2. My friend, 9 times out of 10, I set my house alarm, walk to my car and realize I have forgotten something. A letter, directions to where I need to go, my car coffee mug , some document needed for a meeting, my hat for sunny days, ….it doesn’t matter. Our complicated lives override our ‘not meant for multi-tasking ‘ brains. It’s not your PD. It’s that you’re human!
    Tucson Linda

  3. perilsofpauline14 Avatar

    I’m regularly amazed at how you manage to speak for me, Sharon. I agree with every one of your “little things.” Lately, I have been putting extra effort into being on time. My husband and children are the primary victims of my “losing track of time.” This is not a new problem – I have always lived in the moment – but the problem seems to have gotten worse since my diagnosis. I think Pramipexole is partly to blame, but I am doing better because 1) I admitted it was a problem and 2) I make myself stop what I’m doing and get ready for the next activity. It takes discipline, but it is correctable.

    Another “little thing,” common to people with Parkinson’s, is that my already soft voice has become softer. I go to Tremble Clefs whenever I can, and my husband says I speak louder when I come home from singing. An added plus are the fun, feel good songs we sing, thanks to Sun Joo Lee, our talented music therapist and director. I find myself humming and singing “On a Wonderful Day Like Today,” “A Bushel and a Peck,” “Blackbird,” “Button Up Your Overcoat,” “Getting to Know You,” “Seasons of Love,” “Sing,” “Top of the World,” “What a Wonderful World,” etc. and sometimes pulling my husband in to dance with me!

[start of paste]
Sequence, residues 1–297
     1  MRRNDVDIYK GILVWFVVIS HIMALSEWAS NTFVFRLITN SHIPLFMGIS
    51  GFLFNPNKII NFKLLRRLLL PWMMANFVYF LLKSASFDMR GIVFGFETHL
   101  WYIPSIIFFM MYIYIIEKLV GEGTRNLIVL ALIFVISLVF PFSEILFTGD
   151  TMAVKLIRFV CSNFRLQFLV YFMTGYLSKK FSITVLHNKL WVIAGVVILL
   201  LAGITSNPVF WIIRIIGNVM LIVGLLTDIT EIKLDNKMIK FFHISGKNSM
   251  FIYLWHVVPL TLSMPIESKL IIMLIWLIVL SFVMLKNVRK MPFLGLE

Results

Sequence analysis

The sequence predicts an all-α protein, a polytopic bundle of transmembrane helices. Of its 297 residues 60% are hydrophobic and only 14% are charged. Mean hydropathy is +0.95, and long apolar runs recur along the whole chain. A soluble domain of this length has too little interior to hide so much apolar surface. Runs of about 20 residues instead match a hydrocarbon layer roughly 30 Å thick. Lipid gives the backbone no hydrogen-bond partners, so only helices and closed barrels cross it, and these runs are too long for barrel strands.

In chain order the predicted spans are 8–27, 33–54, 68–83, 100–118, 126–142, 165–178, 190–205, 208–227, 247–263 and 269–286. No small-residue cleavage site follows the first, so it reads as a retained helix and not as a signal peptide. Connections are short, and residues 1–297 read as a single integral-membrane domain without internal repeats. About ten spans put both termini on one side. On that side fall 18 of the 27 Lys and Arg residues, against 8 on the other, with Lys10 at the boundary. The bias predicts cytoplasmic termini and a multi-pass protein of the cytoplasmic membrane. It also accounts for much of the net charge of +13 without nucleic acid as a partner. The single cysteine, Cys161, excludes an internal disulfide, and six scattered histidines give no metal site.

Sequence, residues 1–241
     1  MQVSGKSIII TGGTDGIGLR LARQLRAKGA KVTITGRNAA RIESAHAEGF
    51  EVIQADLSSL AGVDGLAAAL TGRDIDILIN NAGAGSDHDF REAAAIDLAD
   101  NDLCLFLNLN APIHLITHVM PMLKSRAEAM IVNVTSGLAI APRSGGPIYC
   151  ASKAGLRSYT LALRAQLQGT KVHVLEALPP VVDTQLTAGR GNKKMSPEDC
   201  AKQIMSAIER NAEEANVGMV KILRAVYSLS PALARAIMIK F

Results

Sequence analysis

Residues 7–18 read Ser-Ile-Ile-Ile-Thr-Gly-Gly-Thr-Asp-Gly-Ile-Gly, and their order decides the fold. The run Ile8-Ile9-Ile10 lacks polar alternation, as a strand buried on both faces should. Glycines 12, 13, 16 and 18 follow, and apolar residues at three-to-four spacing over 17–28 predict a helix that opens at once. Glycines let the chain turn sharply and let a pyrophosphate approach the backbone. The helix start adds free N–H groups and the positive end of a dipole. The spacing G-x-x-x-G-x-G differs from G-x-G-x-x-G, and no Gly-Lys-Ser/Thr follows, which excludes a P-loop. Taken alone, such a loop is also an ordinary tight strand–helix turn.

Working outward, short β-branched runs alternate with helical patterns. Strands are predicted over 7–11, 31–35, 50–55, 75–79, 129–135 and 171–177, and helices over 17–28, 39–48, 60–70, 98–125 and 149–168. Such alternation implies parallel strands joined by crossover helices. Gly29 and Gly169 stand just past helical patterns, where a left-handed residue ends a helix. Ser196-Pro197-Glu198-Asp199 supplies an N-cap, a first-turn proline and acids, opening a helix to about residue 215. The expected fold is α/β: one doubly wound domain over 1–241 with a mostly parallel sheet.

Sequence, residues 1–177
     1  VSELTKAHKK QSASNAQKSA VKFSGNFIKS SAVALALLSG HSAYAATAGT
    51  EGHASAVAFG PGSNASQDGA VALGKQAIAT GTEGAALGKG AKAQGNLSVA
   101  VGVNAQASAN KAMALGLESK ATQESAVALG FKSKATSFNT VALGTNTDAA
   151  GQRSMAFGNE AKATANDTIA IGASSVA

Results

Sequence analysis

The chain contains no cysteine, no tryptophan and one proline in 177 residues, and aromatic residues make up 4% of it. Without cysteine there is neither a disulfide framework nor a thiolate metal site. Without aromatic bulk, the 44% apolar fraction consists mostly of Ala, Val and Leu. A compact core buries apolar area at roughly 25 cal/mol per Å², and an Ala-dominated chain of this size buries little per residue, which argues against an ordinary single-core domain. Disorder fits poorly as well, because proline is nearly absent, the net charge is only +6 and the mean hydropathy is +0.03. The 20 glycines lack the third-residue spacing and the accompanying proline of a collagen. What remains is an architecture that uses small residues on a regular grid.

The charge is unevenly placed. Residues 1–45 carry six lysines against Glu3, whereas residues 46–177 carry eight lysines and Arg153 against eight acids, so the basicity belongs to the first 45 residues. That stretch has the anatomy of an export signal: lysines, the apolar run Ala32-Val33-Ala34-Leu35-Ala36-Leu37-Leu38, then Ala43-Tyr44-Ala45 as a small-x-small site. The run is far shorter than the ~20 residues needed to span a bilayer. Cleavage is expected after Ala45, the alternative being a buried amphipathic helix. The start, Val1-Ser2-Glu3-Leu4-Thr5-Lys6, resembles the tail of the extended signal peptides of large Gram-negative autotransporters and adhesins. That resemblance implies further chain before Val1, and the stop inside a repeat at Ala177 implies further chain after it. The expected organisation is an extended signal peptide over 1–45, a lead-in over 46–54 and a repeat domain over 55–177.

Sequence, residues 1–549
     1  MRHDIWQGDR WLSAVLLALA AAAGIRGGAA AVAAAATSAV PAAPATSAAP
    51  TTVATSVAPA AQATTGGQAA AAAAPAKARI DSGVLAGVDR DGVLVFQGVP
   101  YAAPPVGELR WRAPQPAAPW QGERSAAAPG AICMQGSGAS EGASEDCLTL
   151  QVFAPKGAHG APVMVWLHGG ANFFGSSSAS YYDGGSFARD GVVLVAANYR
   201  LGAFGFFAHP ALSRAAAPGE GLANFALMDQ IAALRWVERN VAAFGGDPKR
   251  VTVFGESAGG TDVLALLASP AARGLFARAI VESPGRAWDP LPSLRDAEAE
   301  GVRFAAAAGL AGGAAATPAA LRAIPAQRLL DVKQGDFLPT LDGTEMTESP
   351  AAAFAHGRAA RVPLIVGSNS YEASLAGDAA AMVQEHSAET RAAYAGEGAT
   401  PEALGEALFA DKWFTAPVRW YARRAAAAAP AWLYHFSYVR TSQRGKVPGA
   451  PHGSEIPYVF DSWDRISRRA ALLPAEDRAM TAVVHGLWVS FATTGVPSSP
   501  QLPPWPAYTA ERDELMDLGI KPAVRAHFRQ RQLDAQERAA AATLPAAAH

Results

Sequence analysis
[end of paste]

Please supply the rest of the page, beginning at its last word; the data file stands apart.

Thank you, Sharon, for letting us know we’re not alone in this situation, and with love, support, and good humor, we can make each day count.

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A Note To My Readers

I love to see your comments and get your emails as we share our collective experiences. But based on a couple of private questions from some of you, remember, I am just a lay person and a patient like the rest of you. For medical and similar advice, you need to talk to your own doctor

Twitchy Woman

Twitchy Women partners with the Parkinson’s Wellness Fund to ensure we have the resources to offer peer support for women with Parkinson’s.